Four home runs? One game? I'm not joshin'! Well, actually, I guess I am.
Texas Rangers center fielder Josh Hamilton hit four home runs in one game on Tuesday night against the Baltimore Orioles. Hamilton became the 16th player to accomplish one of baseball's rarest feats. The last to do it was Carlos Delgado as a member of the Toronto Blue Jays in 1993.
You have to feel good for Josh who's been in a constant battle with drug and alcohol addictions. He's having an historic start to the 2012 season; leading the league with a .406 batting average, 14 home runs and 36 RBIs.
Hitting four home runs in one game should be right up there with throwing a perfect game (an accomplishment that has been reached 21 times). It's a batter being perfect during all four of his at-bats. Four at-bats against submarine-throwing southpaws, flame-throwing righties, 88-mile per hour sliders or falling off the table forkballs. The hardest thing to do in professional sports is hitting a baseball. To make perfect contact in every at-bat during one game is just that. Perfect. By the way, Hamilton ended the game with five hits, eight RBIs and 18 total bases.
Nine of the 16 players on the esteemed four homer/one game list have 300 or more home runs. Five are Hall of Famers including Ed Delahanty, Lou Gehrig, Chuck Klein, Willie Mays and Mike Schmidt. Delgado had a great career and still has a shot to get into the Hall in a few years. Think we can probably close Cooperstown's doors on two other recent additions to the list: Shawn Green and Mike Cameron. Green and Cameron were both offensive forces until their time with the New York Mets, a place where great players go to die an awful, miserable death.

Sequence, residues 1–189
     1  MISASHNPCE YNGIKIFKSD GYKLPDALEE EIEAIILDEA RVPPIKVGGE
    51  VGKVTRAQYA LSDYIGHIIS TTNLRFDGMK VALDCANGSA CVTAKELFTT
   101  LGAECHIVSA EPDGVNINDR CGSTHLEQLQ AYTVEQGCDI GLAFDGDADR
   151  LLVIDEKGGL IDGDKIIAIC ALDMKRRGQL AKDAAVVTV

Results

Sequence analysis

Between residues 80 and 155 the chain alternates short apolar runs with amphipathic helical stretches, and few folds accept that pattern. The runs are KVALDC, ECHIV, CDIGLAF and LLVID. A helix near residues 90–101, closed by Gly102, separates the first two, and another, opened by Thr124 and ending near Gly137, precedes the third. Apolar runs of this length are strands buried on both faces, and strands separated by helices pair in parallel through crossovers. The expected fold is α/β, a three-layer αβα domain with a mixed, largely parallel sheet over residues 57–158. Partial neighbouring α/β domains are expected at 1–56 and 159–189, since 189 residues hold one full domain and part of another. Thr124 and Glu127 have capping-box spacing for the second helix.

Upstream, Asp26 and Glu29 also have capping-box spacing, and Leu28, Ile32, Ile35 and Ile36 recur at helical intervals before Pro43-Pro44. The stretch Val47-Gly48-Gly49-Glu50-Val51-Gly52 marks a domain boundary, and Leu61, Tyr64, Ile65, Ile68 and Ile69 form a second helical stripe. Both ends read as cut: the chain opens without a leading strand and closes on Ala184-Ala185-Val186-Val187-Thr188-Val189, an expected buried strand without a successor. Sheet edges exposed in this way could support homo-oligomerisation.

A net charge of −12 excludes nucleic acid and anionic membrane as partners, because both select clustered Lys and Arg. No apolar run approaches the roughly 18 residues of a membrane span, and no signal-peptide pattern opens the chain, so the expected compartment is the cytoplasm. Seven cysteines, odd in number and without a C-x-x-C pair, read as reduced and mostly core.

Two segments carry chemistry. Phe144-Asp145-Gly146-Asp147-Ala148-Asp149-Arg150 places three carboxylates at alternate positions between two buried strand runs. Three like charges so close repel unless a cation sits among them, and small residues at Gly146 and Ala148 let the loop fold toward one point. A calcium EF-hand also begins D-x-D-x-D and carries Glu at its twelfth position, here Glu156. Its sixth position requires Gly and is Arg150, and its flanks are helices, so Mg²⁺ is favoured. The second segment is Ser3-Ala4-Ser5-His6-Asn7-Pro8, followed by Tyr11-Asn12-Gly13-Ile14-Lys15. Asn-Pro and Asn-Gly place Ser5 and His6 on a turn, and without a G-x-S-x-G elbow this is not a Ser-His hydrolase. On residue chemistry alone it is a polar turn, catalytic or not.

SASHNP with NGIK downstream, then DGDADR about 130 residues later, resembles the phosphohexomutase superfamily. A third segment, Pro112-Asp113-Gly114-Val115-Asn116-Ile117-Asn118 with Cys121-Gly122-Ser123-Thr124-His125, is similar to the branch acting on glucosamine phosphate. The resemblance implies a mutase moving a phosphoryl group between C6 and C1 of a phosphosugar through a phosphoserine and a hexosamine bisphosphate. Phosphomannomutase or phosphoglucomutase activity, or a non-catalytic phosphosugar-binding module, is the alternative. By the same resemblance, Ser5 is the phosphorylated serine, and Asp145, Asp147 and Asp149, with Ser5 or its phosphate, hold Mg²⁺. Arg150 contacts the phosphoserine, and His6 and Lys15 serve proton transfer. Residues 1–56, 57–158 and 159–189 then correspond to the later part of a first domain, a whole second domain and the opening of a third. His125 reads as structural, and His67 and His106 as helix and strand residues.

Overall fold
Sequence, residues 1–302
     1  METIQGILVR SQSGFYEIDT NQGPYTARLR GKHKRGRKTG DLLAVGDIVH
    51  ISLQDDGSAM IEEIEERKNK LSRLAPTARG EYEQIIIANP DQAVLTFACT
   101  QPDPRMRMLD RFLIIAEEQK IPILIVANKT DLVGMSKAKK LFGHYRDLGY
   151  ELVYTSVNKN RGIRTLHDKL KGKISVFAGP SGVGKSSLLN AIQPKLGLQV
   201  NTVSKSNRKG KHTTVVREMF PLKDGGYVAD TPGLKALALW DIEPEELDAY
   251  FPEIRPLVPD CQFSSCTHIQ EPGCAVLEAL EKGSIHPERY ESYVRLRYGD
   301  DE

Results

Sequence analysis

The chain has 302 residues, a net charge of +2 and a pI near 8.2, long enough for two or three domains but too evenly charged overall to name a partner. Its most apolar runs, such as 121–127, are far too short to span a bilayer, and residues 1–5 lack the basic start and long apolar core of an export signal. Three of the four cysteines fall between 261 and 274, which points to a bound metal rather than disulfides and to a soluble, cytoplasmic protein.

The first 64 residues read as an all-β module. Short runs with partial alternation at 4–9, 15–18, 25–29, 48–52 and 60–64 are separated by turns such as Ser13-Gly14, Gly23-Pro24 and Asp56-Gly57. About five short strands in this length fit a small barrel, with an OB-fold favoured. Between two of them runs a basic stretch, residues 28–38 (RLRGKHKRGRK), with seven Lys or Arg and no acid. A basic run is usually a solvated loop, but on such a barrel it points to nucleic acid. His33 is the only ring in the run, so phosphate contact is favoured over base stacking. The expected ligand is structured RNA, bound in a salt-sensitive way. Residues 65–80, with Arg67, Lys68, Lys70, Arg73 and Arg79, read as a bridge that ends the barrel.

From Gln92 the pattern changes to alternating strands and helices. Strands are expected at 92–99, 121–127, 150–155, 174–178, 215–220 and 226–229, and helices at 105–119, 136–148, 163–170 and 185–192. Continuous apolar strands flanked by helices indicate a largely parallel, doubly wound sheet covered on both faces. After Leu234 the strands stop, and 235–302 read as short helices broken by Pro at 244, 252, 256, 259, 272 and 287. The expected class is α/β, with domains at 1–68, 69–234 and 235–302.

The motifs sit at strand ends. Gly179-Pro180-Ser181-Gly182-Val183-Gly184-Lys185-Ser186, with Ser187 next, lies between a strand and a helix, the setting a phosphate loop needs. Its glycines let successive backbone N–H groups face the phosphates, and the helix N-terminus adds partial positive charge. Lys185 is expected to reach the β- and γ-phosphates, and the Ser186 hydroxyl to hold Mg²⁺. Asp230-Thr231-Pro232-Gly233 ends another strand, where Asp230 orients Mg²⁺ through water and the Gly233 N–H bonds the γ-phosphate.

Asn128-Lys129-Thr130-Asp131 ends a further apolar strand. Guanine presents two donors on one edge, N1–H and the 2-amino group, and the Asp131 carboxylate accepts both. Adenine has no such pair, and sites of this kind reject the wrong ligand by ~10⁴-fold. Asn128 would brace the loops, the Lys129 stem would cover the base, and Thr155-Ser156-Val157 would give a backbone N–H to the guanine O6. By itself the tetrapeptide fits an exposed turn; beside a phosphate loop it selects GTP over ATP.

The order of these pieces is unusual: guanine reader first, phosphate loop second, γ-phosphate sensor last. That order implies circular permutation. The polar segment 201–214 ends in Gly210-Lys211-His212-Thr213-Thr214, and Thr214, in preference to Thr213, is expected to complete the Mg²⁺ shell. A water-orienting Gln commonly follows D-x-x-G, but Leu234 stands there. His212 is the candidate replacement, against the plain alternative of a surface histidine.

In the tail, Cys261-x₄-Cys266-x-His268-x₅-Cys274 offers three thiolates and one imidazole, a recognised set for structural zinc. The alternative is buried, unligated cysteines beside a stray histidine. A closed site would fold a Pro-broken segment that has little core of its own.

Hamilton couldn't have picked a better time for his historic moment as 2012 is his contract year. The 30 year-old slugger, who some have compared to Mickey Mantle, should get plenty of play this offseason. Me? I'd love to see him sign with the Rangers. Not just because it's a hitter's ballpark but I'd also miss seeing Josh and the crew throw up the claw and antlers come playoff time.
- MLB Suspends Phillies' Cole Hamels for Beaning Nationals' Rookie Bryce HarperIs Hamels' Five-Game Suspension Justified?
- Athletes Show Higher Pain ToleranceResearchers find that toughness on the field translates into toughness dealing with pain.